Self-Directed Learning: Antecedents and Outcomes

Most faculty now recognize the importance of students being able to direct their own learning. It’s what positions them for a lifetime of learning. And most faculty also recognize that many of our students are more dependent than self-directed. They want the teacher to make most, if not all, of the learning decisions for them. “What do you want in this assignment?” “How long should it be?” “Do I need to have references?” “What do I need to know for the test?” “How many homework problems should I do?” All these are questions self-directed learners ask and answer for themselves.

Self-directed learning starts with a good set of learning skills. They are essential but not all that’s necessary. Students have to believe they can use those skills and that using them will make a difference. The more than 30 years of research on self-directed learning shows a web of learner beliefs and behaviors that stands behind successful self-directed learning. That related research is ably summarized in the article referenced below. It explores five areas of research that undergird the efforts of self-directed learners and can help teachers design learning activities and assignments that establish the foundation for self-directed learning.

Internal locus of control — This construct deals with the extent to which people (research here included many cohort groups) believe they have control over events that influence them. These are folks who think their behavior primarily determines what happens. Those without this belief attribute events to luck, fate, or other forces beyond their control. Internal locus of control means that learners believe they have control of enough factors to be successful at learning. Giving learners some control of learning processes is therefore a first step in developing their internal locus of control. You can’t be a self-directed learner if you don’t believe you can make good decisions about learning.

Self-efficacy — Self-efficacy is related to the internal locus of control, but different. It focuses on beliefs, not about control of situations, but about ability. Research has repeatedly shown that the beliefs students have about their abilities are powerful predictors of their performance. And self-directed learners must have confidence in their ability to succeed. Often students’ beliefs focus more on what they can’t do. Teachers need to create learning experiences that help students discover that they can do things they don’t think they can, and give them experiences through which they learn that hard work and persistence trump ability.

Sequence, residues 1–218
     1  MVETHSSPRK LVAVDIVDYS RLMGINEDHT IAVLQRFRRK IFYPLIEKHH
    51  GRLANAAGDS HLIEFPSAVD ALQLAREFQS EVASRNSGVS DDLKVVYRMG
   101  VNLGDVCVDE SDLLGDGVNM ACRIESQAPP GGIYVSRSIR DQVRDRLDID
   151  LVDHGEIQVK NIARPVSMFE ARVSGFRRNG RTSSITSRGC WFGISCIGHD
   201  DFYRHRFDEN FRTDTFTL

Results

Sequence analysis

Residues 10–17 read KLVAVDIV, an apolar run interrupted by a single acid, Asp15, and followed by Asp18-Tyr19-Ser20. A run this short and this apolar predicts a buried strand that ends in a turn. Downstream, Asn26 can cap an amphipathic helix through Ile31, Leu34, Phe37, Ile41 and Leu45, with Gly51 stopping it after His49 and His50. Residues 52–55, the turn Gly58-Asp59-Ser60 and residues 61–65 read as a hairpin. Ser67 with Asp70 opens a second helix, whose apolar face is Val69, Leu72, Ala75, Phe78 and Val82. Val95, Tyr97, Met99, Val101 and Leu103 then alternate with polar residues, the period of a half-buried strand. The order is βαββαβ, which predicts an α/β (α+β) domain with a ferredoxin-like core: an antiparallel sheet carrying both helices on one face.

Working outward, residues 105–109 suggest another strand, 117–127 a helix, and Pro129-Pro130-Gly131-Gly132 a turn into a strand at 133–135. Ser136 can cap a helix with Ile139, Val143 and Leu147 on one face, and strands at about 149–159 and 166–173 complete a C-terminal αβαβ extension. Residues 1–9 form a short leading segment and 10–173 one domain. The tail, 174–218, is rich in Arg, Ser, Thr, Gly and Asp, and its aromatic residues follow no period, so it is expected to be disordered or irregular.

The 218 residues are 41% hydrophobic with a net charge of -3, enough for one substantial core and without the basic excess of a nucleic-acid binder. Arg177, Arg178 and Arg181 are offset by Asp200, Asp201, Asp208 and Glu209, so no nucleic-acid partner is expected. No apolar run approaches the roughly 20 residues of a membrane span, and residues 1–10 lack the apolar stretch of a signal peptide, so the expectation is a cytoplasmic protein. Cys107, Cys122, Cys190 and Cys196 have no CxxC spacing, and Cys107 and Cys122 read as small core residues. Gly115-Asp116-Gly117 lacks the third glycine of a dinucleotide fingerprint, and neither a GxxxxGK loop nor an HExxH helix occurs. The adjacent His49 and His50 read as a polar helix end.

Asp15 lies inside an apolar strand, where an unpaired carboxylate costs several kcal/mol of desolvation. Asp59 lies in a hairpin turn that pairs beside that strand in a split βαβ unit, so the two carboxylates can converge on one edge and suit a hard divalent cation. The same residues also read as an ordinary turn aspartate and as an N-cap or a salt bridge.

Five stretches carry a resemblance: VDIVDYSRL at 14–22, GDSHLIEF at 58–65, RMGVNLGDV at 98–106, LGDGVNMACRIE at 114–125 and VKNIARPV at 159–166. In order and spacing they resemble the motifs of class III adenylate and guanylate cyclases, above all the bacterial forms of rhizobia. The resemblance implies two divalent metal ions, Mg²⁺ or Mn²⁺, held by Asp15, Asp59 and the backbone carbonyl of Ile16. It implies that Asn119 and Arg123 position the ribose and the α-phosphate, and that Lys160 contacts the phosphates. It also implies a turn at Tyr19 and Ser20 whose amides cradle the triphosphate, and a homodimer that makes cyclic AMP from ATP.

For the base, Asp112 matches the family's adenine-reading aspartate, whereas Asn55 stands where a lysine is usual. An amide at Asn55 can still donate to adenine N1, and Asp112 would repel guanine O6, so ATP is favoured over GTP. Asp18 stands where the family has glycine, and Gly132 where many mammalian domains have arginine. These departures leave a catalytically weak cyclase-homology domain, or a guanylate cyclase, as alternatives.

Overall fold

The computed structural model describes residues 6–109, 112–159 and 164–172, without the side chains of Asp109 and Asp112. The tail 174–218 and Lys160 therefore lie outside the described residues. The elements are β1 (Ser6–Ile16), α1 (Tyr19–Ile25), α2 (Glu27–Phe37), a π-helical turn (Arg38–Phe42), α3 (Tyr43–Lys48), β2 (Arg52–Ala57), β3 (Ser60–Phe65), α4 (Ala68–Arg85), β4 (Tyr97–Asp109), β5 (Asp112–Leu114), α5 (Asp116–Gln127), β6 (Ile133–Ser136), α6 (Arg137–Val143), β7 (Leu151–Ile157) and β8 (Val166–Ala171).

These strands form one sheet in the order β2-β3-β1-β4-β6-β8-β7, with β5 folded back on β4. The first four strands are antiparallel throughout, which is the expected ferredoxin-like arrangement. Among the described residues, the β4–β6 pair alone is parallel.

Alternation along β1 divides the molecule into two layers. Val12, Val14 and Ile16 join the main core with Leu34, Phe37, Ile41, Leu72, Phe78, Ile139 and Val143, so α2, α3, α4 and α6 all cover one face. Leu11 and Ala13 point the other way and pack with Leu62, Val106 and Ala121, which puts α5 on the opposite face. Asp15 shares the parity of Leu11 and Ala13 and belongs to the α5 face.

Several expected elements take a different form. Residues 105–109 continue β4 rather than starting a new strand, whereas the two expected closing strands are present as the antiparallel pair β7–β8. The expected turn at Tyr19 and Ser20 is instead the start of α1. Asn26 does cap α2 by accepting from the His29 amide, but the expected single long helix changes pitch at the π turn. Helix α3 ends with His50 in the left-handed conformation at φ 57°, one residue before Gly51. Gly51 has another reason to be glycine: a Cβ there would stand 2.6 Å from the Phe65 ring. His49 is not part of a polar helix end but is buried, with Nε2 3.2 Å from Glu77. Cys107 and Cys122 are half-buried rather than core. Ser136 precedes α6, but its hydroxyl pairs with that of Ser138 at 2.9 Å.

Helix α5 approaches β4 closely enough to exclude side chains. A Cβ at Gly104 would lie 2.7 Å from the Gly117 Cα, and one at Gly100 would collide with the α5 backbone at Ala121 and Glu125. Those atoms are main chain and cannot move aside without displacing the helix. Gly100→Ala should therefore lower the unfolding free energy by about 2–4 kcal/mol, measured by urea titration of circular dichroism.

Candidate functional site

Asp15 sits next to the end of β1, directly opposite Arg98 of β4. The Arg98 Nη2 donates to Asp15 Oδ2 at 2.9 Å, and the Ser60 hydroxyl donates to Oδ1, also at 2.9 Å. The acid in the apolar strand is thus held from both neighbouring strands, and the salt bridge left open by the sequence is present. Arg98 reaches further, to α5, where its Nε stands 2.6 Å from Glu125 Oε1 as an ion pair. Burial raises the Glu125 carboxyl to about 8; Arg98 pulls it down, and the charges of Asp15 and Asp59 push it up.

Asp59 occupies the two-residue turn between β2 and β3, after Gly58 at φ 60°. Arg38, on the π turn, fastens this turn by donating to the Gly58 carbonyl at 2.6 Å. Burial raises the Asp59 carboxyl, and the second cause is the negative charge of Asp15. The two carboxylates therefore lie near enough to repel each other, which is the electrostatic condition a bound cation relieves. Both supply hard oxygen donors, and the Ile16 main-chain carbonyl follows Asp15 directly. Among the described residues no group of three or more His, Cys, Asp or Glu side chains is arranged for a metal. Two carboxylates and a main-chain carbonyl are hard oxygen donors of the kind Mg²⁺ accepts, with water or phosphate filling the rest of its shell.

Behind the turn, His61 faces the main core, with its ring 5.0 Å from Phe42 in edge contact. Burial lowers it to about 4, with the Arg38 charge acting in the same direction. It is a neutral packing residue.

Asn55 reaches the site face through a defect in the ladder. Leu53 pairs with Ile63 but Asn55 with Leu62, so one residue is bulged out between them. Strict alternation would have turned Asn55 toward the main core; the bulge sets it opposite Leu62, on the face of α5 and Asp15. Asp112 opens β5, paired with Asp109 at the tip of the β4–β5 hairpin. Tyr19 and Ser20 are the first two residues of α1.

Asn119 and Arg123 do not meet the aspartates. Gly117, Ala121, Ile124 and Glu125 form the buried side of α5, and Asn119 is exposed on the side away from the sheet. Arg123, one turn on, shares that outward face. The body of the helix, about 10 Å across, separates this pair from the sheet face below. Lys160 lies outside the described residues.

Motivation — Motivation is the force that drives the learning enterprise. Students (and others) are motivated when they are working to accomplish meaningful goals. Motivation and the locus of control are related. Having control motivates learners. Many students lack motivation. They don’t seem to understand what goals education can help them accomplish, or they see only a few courses as being related to their goals. Authentic assignments can help students see the relevance of what and how they are learning. They can also cultivate the love of learning, which is a common characteristic of self-directed learners.

Support — Even though self-directed learners do it for themselves, they do it better with the support of peers, experts, coaches, and guides who value the learners’ contributions and care about their success. Students feel supported when teachers let them learn at their own pace and provide helpful resources. Support makes learning easier. It also increases motivation and develops self-efficacy and the internal locus of control.

Performance — Performance is the outcome, unlike the previous four areas that need to come before and during learning. It makes sense that if a learner is developing in each of the four previous areas, his performance will improve. And good performance loops back, contributing to the further development of the other four areas. Each of these areas is part of a web that supports self-directed learning. Movement in one area produces movement in another area, which gives teachers lots of places to intervene in the process.

Reference: Boyer, S. L., Edmondson, D. R., Artis, A. B., and Fleming, D. (2014). Self-directed learning: A tool for lifelong learning. Journal of Marketing Education 36 (1), 20–32.

Reprinted from The Teaching Professor, 28.6 (2014): 3. © Magna Publications. All rights reserved.